Photo by Radu Mihai/Unsplash/Creative Commons

Photo by Radu Mihai/Unsplash/Creative Commons

But, even in our truth, the question remains: What do the lonely do at Christmas? We find solidarity in other aching hearts. We scroll our timelines and stop on the posts where those we follow offer a glimpse of vulnerability as they confess to missing a loved one. We double-tap to let them know they’re not alone and to remind ourselves that we aren’t, either. Because it is in community we find hope.

And isn’t that what the magic of Christmas is all about? Perhaps, the wonder and joy connected to this holiday season isn’t supposed to be about these specific 24 hours. Because you may not be happy on Christmas Day — and that’s perfectly fine — because you were happy one day. That random day in April when you went out with friends and laughed for the first time since your dad died. Or that early morning run to Target where you overheard a child negotiating with their mother to buy a toy and you found the smile you lost when your heart was broken. So what if you are not happy on Christmas Eve? There was a time in your life when you were happy a day before another day. You knew happiness once before and you will know happiness once again.

In the midst of our grief, there is hope. We felt it when we woke to news that Brittney Griner was coming home. We feel it when we turn on the radio and a song — some universal Christmas melody — reminds us of times when seeing twinkling lights and hearing jingle bells didn’t invoke sorrow. We feel it a little when we navigate our own complicated emotions around the holiday to bring happiness to someone who doesn’t see this time with our same eyes. And somehow, even if momentarily, their joy brings us into the presence of our own.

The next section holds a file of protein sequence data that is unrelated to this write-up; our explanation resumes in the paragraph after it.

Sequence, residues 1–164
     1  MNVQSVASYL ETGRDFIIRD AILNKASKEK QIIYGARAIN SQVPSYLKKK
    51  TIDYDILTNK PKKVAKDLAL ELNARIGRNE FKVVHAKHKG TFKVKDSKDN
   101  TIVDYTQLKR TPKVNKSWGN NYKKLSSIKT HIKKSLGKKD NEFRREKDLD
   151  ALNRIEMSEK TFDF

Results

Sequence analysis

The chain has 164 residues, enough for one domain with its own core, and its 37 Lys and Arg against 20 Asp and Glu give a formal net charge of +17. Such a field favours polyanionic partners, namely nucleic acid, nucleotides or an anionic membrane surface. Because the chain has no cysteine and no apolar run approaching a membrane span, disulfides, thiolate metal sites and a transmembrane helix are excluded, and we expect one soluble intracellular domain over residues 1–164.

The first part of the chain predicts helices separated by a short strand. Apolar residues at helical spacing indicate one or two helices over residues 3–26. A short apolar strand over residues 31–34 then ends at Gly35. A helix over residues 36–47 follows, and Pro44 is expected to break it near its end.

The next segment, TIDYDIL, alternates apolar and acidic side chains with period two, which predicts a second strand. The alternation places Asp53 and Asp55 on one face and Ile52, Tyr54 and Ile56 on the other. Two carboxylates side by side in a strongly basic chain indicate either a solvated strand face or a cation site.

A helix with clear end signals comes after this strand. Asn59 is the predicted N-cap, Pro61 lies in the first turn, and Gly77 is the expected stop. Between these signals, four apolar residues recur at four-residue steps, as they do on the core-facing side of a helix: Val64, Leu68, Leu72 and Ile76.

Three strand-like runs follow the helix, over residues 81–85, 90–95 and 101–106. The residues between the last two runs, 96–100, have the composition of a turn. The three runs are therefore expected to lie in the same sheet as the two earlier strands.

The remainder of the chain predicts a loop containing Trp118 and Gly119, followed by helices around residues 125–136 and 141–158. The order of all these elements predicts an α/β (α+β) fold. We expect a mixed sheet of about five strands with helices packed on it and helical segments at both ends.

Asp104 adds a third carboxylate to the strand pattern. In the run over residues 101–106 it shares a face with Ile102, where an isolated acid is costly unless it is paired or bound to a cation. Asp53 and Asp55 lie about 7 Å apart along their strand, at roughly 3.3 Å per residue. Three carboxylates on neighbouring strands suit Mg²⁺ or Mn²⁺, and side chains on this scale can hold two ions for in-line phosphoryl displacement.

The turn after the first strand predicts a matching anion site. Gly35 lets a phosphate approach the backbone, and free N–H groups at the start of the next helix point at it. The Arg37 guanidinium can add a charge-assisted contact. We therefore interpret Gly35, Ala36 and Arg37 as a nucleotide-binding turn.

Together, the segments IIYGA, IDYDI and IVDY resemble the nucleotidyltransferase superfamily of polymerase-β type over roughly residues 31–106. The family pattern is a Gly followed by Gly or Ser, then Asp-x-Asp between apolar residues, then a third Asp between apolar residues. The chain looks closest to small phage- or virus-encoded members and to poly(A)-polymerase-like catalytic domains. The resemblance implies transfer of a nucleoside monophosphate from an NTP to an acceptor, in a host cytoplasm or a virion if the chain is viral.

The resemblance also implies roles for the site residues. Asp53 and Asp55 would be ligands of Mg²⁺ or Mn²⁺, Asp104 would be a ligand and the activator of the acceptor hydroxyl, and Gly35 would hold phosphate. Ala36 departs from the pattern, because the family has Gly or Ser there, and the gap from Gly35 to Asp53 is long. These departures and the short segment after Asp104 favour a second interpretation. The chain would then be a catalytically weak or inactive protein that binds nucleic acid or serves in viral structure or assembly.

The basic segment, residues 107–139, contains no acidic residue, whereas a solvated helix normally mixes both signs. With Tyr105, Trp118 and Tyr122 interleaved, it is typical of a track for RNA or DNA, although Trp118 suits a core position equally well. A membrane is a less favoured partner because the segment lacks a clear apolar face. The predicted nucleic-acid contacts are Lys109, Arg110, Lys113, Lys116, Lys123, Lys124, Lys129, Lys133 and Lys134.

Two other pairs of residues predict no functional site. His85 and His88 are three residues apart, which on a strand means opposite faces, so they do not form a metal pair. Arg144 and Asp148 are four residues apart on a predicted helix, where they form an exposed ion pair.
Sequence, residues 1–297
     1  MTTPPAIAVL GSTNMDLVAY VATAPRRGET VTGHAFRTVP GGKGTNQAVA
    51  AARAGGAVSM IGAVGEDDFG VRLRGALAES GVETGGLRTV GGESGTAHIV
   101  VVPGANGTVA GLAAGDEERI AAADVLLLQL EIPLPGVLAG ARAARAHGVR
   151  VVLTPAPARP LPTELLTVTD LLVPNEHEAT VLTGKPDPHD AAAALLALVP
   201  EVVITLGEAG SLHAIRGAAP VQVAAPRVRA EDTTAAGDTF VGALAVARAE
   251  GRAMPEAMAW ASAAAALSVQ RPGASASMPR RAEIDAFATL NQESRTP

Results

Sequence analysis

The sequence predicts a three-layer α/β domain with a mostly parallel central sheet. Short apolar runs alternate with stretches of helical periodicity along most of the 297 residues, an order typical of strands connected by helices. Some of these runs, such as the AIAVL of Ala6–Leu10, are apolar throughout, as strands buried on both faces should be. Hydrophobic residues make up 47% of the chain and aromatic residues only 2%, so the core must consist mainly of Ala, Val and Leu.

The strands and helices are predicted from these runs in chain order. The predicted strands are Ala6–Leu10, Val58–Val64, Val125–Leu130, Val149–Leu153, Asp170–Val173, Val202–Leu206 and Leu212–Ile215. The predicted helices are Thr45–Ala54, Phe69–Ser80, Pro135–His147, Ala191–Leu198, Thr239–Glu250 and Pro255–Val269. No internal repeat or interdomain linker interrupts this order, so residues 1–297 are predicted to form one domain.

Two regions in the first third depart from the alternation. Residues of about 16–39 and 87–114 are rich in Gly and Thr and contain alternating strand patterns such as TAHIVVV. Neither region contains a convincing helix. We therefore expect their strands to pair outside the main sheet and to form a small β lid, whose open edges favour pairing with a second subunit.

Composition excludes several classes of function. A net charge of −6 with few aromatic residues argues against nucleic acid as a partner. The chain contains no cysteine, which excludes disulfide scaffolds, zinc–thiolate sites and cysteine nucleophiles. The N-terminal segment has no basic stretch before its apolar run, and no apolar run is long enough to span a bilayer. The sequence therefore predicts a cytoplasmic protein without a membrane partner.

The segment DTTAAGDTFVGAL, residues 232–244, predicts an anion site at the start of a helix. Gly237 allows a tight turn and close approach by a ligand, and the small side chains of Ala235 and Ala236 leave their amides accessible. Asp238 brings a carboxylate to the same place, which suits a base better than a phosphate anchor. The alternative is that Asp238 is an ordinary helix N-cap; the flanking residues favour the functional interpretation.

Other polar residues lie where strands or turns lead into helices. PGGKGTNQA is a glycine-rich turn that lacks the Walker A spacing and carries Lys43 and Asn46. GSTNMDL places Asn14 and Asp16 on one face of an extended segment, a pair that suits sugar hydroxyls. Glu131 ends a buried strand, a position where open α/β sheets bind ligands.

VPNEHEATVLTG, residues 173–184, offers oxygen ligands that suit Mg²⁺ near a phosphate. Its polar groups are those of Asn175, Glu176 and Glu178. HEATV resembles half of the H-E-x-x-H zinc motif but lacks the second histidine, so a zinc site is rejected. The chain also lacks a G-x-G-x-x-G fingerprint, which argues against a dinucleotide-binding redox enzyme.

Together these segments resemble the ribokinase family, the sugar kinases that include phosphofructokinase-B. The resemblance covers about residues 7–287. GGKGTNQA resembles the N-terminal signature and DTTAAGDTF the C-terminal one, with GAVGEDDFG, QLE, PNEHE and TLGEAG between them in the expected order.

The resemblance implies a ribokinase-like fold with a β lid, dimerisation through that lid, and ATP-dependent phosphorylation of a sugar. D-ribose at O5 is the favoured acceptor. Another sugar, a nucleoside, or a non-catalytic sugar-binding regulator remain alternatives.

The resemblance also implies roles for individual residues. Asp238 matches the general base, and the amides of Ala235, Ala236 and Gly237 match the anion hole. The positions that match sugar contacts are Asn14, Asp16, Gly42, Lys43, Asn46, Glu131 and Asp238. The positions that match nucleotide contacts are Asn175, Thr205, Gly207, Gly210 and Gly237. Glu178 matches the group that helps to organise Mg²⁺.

Like many of you, I am no longer a child in either age or experience. I have seen too much in this life to pretend I don’t know that Santa’s orange slices request coincided with the time my mother was counting Weight Watchers points. And yet, the longing I feel when I miss her this time of year makes me wish I was a kid again. But we can’t go back. We can only go forward, walking through valleys of death’s shadow in hopes that we’ll stumble on some semblance of life again.

And though that life will look much different without those we have loved and lost, it can still be beautiful. And in discovering that powerful truth, I think I found the answer to the question The Emotions posed all those years ago.

What do the lonely do at Christmas?

We do whatever we need to do so we can greet the sun the day after. Because somewhere I read that new mercies — renewed hope — are bound to that morning sun’s shine. And strangely enough, I think that’s the greatest gift that little baby, who changed the world, came to give us.